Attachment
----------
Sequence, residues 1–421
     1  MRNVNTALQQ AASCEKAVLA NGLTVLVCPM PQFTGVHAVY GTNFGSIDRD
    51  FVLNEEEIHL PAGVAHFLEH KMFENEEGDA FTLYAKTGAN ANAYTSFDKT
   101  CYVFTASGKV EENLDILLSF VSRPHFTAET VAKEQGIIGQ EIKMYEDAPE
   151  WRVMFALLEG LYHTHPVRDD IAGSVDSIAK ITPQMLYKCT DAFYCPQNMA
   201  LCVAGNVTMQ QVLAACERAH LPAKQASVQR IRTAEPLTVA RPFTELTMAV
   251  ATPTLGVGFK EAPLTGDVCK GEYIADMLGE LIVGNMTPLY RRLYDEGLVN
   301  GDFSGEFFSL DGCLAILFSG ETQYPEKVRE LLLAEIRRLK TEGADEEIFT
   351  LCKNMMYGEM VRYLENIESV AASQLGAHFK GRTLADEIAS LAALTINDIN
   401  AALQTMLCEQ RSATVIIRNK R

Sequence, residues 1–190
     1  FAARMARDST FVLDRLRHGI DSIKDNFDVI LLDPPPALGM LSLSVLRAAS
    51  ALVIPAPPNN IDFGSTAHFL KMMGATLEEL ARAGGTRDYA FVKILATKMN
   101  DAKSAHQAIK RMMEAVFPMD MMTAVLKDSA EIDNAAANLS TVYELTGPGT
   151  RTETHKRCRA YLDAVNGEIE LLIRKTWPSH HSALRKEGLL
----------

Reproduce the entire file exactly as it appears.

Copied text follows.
Sequence, residues 1–421
     1  MRNVNTALQQ AASCEKAVLA NGLTVLVCPM PQFTGVHAVY GTNFGSIDRD
    51  FVLNEEEIHL PAGVAHFLEH KMFENEEGDA FTLYAKTGAN ANAYTSFDKT
   101  CYVFTASGKV EENLDILLSF VSRPHFTAET VAKEQGIIGQ EIKMYEDAPE
   151  WRVMFALLEG LYHTHPVRDD IAGSVDSIAK ITPQMLYKCT DAFYCPQNMA
   201  LCVAGNVTMQ QVLAACERAH LPAKQASVQR IRTAEPLTVA RPFTELTMAV
   251  ATPTLGVGFK EAPLTGDVCK GEYIADMLGE LIVGNMTPLY RRLYDEGLVN
   301  GDFSGEFFSL DGCLAILFSG ETQYPEKVRE LLLAEIRRLK TEGADEEIFT
   351  LCKNMMYGEM VRYLENIESV AASQLGAHFK GRTLADEIAS LAALTINDIN
   401  AALQTMLCEQ RSATVIIRNK R

Sequence, residues 1–190
     1  FAARMARDST FVLDRLRHGI DSIKDNFDVI LLDPPPALGM LSLSVLRAAS
    51  ALVIPAPPNN IDFGSTAHFL KMMGATLEEL ARAGGTRDYA FVKILATKMN
   101  DAKSAHQAIK RMMEAVFPMD MMTAVLKDSA EIDNAAANLS TVYELTGPGT
   151  RTETHKRCRA YLDAVNGEIE LLIRKTWPSH HSALRKEGLL